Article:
President Bush's announcement that the US will withdraw 70,000 troops from Europe and Asia represents a long-awaited major adjustment of the American military following the cold war's end.
It's true that the Pentagon has shuttered dozens of big installations in Europe over the past decade, but US world troop deployments still basically reflect a pattern designed to contain a communist threat that no longer exists, analysts say.
The sensitivities of allies, plus the military's traditional resistance to organizational change, have contributed to the persistence of the US presence overseas. The strain of the US deployments in Iraq - plus the pressures of presidential politics, and the simple passage of time - may have finally broken that resistance.
"I think overall it's a good idea," says Michael O'Hanlon, a military strategy expert at the Brookings Institution in Washington.
"It's good to think strategically about where our forces are, and why."
Currently the US has about 100,000 troops based in Europe, with about 70 percent of those in Germany. Another 100,000 are scattered throughout Asia and the Pacific, with heavy concentrations in Japan and South Korea.
Over the next decade about 70,000 of those uniformed personnel will be transferred to other home bases, mostly back in the United States, Bush said Monday in a speech to veterans in the swing state of Ohio. Another 100,000 dependents and civilian employees will be similarly relocated.
Carried to conclusion, this restructuring would represent the largest shift in the footprint of the US military since the Korean War, note administration officials. It would also go some way toward fulfilling a goal Defense Secretary Donald Rumsfeld has long pushed: making the US military a leaner, potentially faster-moving machine.
Under this strategy, the US would rely more heavily on flexible units based in the US that can move quickly to bare-bones "lily pad" bases that are closer to potential trouble spots than today's mammoth structures in Western Europe.
The long-term changes "will help us strengthen our ability to confront the new dangers that we face," said White House spokesman Scott McClellan Monday.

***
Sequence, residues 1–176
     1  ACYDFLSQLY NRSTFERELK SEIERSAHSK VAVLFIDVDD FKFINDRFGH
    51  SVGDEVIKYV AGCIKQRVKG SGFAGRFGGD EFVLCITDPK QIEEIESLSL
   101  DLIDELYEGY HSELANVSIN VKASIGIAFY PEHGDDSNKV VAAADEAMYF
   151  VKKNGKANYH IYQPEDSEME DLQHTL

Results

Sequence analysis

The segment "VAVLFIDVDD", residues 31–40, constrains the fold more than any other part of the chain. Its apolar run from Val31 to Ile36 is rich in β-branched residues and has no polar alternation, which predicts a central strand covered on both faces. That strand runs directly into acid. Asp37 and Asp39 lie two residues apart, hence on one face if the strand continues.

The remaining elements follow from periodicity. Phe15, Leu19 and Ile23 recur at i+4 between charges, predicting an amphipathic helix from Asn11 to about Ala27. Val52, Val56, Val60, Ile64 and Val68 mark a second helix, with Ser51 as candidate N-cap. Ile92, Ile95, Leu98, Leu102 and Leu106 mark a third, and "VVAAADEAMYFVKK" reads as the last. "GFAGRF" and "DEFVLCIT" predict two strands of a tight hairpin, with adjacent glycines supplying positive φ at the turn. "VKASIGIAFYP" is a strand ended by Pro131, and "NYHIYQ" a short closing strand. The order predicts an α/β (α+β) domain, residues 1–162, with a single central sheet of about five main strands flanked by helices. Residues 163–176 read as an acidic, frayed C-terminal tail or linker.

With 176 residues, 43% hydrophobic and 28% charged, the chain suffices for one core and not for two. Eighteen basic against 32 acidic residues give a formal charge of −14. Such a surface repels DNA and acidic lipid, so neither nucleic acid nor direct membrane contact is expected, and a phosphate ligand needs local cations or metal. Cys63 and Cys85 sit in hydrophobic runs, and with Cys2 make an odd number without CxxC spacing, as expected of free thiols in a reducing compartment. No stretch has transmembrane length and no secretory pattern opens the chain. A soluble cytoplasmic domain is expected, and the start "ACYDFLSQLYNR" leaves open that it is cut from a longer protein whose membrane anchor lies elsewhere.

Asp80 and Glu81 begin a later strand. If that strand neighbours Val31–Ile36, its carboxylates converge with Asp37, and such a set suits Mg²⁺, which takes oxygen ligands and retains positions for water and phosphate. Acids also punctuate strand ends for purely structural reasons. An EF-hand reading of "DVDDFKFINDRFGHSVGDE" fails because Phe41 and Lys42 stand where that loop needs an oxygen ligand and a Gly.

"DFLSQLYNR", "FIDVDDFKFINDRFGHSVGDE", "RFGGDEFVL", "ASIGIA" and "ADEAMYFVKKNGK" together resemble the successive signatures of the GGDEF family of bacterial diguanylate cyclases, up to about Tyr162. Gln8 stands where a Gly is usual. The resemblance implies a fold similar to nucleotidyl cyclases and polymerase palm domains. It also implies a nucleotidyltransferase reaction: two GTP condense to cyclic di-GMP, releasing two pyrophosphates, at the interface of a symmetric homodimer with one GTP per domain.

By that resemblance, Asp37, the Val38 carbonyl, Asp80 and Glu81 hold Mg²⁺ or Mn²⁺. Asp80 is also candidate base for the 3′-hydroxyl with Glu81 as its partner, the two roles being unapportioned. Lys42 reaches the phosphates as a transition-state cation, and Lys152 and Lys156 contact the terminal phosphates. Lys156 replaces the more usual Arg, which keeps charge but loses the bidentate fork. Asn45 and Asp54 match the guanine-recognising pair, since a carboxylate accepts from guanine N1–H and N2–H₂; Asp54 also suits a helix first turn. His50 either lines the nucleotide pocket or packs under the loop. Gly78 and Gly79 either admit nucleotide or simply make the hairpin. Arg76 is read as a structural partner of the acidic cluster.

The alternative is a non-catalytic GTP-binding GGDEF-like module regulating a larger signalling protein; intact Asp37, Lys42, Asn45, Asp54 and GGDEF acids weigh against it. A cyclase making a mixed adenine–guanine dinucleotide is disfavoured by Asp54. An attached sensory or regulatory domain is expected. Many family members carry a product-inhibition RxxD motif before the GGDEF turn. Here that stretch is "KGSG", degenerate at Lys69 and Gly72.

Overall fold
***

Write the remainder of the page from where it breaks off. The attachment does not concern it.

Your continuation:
Administration spokesmen cautioned that the changes will take time, and that the US public shouldn't expect Fort Hood in Texas to soon begin absorbing thousands of GIs flooding off airlifters with all their worldly possessions.
Indeed, in that sense the Bush administration appears to be simply associating itself with an action that might not begin in earnest until well into the next presidential term.
And while Bush officials insisted that this effort is much broader than the troop-shuffling related to Iraq deployments, the strain of maintaining 150,000 troops in Iraq and Afghanistan has surely focused Pentagon minds on a more efficient force structure, note analysts.
If nothing else, it's obvious that the big US infrastructure in Europe is located far from the Middle East's crescent of conflict.
"There was going to be some shifting anyway, but that has been given impetus by the Iraq situation," says Michael Corgan, a retired Navy officer and professor of international relations at Boston University.
The cold war ended some 15 years ago, and the Pentagon has certainly made changes in its deployment structure since then. Over the past 10 years, the Department of Defense has closed 560 installations in Europe alone, according to a July report on military infrastructure by the US Government Accountability Office (until recently known as the General Accounting Office).
But the US still has 702 foreign military installations, plus its 200,000 deployed troops, notes the report. It's conclusion: the US military is still organized around cold war concepts.
The US has delayed major readjustments in recent years in part due to the sensitivity of allies. Neither Germany nor South Korea have been entirely happy about potential withdrawals, for instance.
But Asian deployments in particular are overdue for a sweeping restructure, notes Michael O'Hanlon of Brookings. The US needs the troops in Asia to help with Iraqi deployments - and in some areas, such as Japan, domestic opposition to the US presence keeps going up and up.
The US "can carry this out more quickly in East and Central Asia than in Europe, but the logic works better if you announce it under one strategic concept," says O'Hanlon.
The idea of redeployment to better reflect strategic reality is a good one, and planning for such a change has been going on for some time. But the timing of the announcement is still questionable, according to some other analysts.
President Bush is in essence laying claim to something that began under the Clinton administration and will end under the next president, even if Bush wins reelection, says Michele Flournoy, a military strategy expert at the Center for Strategic and International Studies.
That means a sensitive national security issue may now become a matter of debate during a heated campaign.
"That's problematic in the sense that any fundamental redeployment of US troops has to be something that is fully supported by a bipartisan consensus," says Flournoy, who was a defense official under President Clinton.
Nor is it clear how much the administration has consulted with the allies who will be affected by the changes, notes Flournoy.